Probably the best thing about the movie, which is really rather juvenile all round, is that the sheriff (who seems decent but soon turns out to be in the pay of badman Brett) is played by third-billed Alan Hale. You probably know Messrs. Alan Hale, Sr. and Jr. This is daddy (1892 – 1950), who was a Warners character actor much in demand. He was a buddy of Errol Flynn (and was Little John to Flynn’s Robin Hood, as well as appearing in 12 other Errol Flynn movies). He was in 17 Westerns, from the early silent days (he was in The Covered Wagon), and including Dodge City, Virginia City and Santa Fe Trail, obviously (they were Errol Flynn oaters), as well as South of St Louis and Stars in My Crown with Joel McCrea. Colt .45 was his last film. He was always big, bluff and hearty. He doesn’t quite suit the crooked sheriff – Ray Teal would have been better. But it’s great to see him. He comes to a, er, sticky end.
Alan Hale, hearty as ever
I must say, Zach Scott (no relation) did the sneering sadist awfully well. That mustache helped. He only did seven Westerns (and a couple of Rawhide episodes), which was rather a pity. He could usefully have sneered his way round a few more. I liked him as Charlie Burns in South of St Louis, slowly descending from good-guy status into derringer-pulling city slicker. He actually led in a 1955 B based on a Louis L’Amour story, Treasure of Ruby Hills, but he was the goody there and therefore miscast. In Colt .45, though, the villain is very one-dimensional. Variety said, "...the histrionic antics of Zachary Scott are ludicrous in the extreme" but that does seem a criticism too far. Still, the movie needed one of those attractive badmen that Randy played opposite later in the 1950s in those Ranown/Boetticher movies.
Bridges, Roman, Z Scott, in it together
Ruth Roman was fabulous, Ava Gardner-classy in The Far Country and beautiful too opposite Gary Cooper in Dallas. She was in twelve Westerns (if you count the TV The Sacketts) and quite a few TV shows. But I don’t think she ever got the chance to shine in a top-class Western film apart from The Far Country. Pity. In Colt .45 her part is so crudely written she couldn’t do much anyway. Except look pretty.
Ruth Roman, classy
The movie was in color. Warners were obviously splashing out. It was quite nicely photographed by Wilfred M Cline (silents, B-Westerns and TV shows; probably his biggest Western was The Indian Fighter in 1955), with some pleasant Vasquez Rocks Californian locations, though most of the movie is shot on a sound set, either in town or in the Indian camp.
The director was Edwin L Marin. Marin worked for pretty well every studio at one time or another and had been in charge of second features at MGM but was with Warners briefly 1950 – 51. He directed seven Randolph Scott Westerns (this was the fourth of them). He was alright but no one would claim that the movies he did were Randy’s best. He was good at action scenes and Colt .45 certainly nips right along but he was rather plodding on stories and plot development. The characters of the people in the story don't develop - indeed, are hardly portrayed at all. The writing, by Thomas W Blackburn, with many additions/changes from anonymous Warner hacks, didn’t help. This was Blackburn’s first Western and a bit on the clumsy side.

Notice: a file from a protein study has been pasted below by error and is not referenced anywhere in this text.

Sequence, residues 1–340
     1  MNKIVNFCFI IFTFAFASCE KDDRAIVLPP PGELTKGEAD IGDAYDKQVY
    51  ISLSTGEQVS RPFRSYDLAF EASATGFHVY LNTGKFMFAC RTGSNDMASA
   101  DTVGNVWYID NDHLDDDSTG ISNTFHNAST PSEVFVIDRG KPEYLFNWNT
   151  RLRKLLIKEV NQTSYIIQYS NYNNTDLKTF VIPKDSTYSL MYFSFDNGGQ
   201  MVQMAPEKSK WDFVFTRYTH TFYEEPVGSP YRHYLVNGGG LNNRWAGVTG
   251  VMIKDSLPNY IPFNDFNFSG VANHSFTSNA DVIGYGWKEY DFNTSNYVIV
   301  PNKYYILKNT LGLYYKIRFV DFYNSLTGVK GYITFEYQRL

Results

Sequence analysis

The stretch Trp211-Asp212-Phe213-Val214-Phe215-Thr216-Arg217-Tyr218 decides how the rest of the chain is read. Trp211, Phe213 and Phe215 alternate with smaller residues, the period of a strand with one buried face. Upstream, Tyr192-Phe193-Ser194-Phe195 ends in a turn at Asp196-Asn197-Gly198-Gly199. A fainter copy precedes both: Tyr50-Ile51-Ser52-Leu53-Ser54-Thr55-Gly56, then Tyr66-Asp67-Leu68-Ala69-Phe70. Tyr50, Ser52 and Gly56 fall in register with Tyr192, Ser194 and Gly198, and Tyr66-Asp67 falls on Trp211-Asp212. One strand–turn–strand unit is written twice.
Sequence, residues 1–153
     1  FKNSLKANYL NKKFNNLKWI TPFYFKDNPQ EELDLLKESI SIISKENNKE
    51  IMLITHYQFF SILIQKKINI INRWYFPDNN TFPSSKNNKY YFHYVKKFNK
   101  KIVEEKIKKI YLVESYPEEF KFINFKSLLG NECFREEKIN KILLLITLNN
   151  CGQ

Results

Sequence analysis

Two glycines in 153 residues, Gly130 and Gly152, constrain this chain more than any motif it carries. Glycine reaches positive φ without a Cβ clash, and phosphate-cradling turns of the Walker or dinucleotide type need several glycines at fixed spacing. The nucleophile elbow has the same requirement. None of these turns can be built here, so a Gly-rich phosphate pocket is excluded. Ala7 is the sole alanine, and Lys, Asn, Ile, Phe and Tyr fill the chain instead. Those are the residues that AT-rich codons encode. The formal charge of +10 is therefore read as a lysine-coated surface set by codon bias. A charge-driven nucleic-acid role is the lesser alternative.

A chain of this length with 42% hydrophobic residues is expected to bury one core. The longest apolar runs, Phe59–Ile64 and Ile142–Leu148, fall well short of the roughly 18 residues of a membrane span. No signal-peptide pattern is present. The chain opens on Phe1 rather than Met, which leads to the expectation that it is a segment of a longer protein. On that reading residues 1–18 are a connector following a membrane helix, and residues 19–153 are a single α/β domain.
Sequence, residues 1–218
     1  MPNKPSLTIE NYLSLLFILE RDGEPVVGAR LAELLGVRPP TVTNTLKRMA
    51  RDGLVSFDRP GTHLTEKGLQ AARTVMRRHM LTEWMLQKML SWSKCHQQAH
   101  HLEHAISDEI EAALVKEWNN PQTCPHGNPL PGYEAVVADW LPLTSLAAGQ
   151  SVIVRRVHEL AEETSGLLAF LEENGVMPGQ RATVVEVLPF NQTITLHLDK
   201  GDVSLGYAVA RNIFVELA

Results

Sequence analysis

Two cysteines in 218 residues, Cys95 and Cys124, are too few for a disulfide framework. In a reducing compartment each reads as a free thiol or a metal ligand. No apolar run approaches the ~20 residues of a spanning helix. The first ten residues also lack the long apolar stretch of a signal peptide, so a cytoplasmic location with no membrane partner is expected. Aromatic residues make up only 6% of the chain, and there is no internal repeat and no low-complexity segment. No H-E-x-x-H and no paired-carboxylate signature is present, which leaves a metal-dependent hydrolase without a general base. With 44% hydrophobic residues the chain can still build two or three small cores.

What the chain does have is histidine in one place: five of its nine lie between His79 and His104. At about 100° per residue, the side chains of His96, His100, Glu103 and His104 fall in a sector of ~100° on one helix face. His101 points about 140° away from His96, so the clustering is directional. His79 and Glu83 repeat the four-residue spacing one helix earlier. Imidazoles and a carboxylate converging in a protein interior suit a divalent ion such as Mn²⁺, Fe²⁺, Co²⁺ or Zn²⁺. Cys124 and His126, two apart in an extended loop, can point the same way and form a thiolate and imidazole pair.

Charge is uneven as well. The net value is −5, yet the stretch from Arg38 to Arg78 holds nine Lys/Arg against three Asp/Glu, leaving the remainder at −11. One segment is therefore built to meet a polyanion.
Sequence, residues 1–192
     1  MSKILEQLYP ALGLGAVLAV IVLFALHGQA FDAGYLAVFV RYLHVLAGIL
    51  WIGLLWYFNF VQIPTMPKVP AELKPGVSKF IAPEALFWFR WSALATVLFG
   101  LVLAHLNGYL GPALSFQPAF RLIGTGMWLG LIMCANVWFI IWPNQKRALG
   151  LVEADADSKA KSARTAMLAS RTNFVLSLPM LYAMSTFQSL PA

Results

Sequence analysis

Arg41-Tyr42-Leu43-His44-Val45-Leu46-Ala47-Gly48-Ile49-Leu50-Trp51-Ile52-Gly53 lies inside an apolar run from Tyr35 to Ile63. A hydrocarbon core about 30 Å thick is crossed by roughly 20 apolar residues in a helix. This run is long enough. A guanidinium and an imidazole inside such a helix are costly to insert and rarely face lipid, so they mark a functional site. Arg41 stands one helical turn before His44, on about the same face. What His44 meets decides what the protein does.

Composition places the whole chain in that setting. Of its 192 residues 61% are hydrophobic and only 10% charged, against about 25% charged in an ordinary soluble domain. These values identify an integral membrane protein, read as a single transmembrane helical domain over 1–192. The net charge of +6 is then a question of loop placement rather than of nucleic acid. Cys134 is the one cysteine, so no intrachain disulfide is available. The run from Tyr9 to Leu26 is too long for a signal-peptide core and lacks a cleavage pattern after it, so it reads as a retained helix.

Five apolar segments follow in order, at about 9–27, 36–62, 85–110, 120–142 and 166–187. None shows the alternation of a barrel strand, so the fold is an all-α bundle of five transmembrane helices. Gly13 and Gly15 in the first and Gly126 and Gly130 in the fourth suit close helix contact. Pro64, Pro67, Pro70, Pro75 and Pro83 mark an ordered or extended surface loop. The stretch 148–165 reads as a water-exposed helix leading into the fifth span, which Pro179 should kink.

Randy rides alone (all in black)
Although a bit of a plodder, the film was a commercial success, perhaps because of the mystique of the Colt .45, perhaps for the picture’s action and jejune plot. NRA types still like it, I believe. Maybe they like the opening screen, which reads: A gun, like any other source of power, is a force for either good or evil, being neither in itself, but dependent upon those who possess it.
When the TV series Colt .45 came on in October 1957, the movie was renamed Thundercloud (oddly) to avoid confusion, I guess. The series was one of those many ABC/WB ones, like Bronco, Cheyenne, Lawman, Maverick and Sugarfoot. It was loosely based on the film and had (at first) Wayde Preston in the Randolph Scottish part as Christopher Colt, though he was a government agent as well as salesman for the arms company.
Good salesman. Sheriff drools.
There were 133 Westerns in 1950 (oh, happy year) including great pictures such as Rio Grande, Winchester ’73 (also about a man getting revenge for a stolen gun) and Broken Arrow. I’m afraid Colt .45 doesn’t come anywhere near those. Still, let us not, dear e-readers, be dismissive. It’s a Randolph Scott Western in color, after all, and ergo a whole lotta fun. Actually, though, if you want a color Randy B-Western of 1950, watch the Gordon Douglas-directed The Nevadan (Columbia). It’s fab and makes Colt .45 look like a kids’ matinée.